People threw clothing and palm branches on the road. In addition, just about everyone in the crowd began shouting. The shouting included rejoicing and praise to God for all the mighty works they had seen. It included, “Blessed is the King who comes in the name of the Lord. Peace in Heaven and glory in the highest.” The people shouted, Hosanna,” which was a word of request. In this case, a request made of Jesus. A request that He save them. “Hosanna. Save us. Save us now, we beseech You [we beg You].” They added, “Hosanna to the Son of David.” “Son of David” was, for them, another way of saying Savior. That day, they called Jesus Savior. “Blessed is He who comes in the name of the Lord.” That was an acknowledgement Jesus had come from God.

The shouting was so loud, the throwing of the clothing and the palm branches was done with so much vigor, the whole scene became so boisterous, that some of the religious leaders along the road started shouting at Jesus with another message. “Rebuke the people,” they said to Him. They ordered Jesus to insist the people along the road be quiet.

The concern of those religious leaders was both legitimate and illegitimate. It was illegitimate because they hated Jesus. They could not stomach seeing and hearing Him being honored. It was legitimate because if a riot broke out, which the excitement might have promoted, the Roman army would be sent to the area to calm the crowd, which would have been done in a very violent way. 

The religious leaders ordered Jesus to quiet the people. Jesus’ answer? “No.” He explained. He said that if the people were silent, the stones along the road would cry out. 

So it was that the excitement surrounding Jesus continued as He crossed the narrow valley and started up the hill that led to the gates into Jerusalem. 

Then, just before He entered the city, Jesus stopped and did a very interesting thing. He wept, which was more than crying. More than sobbing. Weeping suggests bitter anguish, as though the one weeping is mourning the dead.

What a strange sight that was. Most of the people along the road had just been supportive of Jesus. How strange that someone so popular would weep. Is that how He handled popularity, especially since His tears were clearly not joyful tears?

Jesus weeping was a very strange sight. What an interesting indication of what Jesus knew. He knew what was about to come. He knew that most of those who had just honored Him would, in a matter of days, turn against Him.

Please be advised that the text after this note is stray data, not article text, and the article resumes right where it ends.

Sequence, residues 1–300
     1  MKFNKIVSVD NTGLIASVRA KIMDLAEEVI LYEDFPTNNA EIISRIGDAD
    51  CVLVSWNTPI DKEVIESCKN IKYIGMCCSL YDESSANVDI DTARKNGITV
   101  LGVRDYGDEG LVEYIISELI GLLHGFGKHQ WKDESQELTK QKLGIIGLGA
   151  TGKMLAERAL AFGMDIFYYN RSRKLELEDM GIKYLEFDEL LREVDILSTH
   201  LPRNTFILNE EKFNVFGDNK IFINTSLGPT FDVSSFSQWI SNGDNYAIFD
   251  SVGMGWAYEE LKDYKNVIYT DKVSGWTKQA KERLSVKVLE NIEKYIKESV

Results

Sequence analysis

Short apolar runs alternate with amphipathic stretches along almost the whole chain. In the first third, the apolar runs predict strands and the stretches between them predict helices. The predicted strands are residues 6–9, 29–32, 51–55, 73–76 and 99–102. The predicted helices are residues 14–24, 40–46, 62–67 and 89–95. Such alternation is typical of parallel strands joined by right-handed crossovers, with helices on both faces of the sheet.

And listen. It was not what would happen to Him that caused Jesus to weep. His weeping was for the people of Jerusalem. He was greatly sad that all His teachings and all His healings and all His other miracles over the previous three years had had such a little impact. 

And it was not that He was feeling sorry for Himself for being so ineffective. He grieved that so many people, who had been given the chance to be saved from their sins, had and were continuing to turn their backs on the opportunity He offered them to be close to God.

Jesus wept over the city of Jerusalem. He said, “O Jerusalem, would that even today you knew the things that make for peace.” The people of Jerusalem should have known the things that make for peace. Real peace. But they did not, despite what Jesus had said and done. Instead, the people of God were more interested in rules and regulations, using those things as a basis of their spiritual security.

“O Jerusalem, would that even today you knew the things that make for peace, but now they are hid from your eyes.” Which I think means, not that God was hiding His will from them, but that they had been so blind, they could not see anymore. There is the phrase, “None are so blind as those who will not see.” The people of Jerusalem - this can apply to anyone even today who does not accept what Jesus offers - had made a habit of not seeing. That habit was keeping them from recognizing the importance of Jesus.

Jesus added the prediction that Jerusalem would soon have turmoil. The turmoil of enemies surrounding them, hemming them in on every side. Enemies that would dash them and their children to the ground. Enemies that would not leave one stone upon another stone throughout the city.

That did happen 37 years later. In 70 A.D. the Roman army attacked Jerusalem. The army dug a trench around the city. That kept anyone inside the city walls from escaping. The army then built hills against the walls of the city, allowing Roman soldiers to scale the walls of the city, thereby gaining entrance to it. Before that, the army began starving the people. After that, Roman soldiers slaughtered those who had not starved. Then the army destroyed all the buildings in and the wall around the city, except for three towers, one for each of three Roman heroes the army generals wanted to honor.

So complete was the destruction of Jerusalem, including the Temple, that, as Jesus had predicted, not one stone was left on another. Why did that happen? It was because, Jesus said as He wept over Jerusalem, “You [the people in Jerusalem] did not know the time of your visitation. Many of the people of Jerusalem had not, did not, and would not recognize Jesus for who He was and is, He being the only one who can make anyone right with God.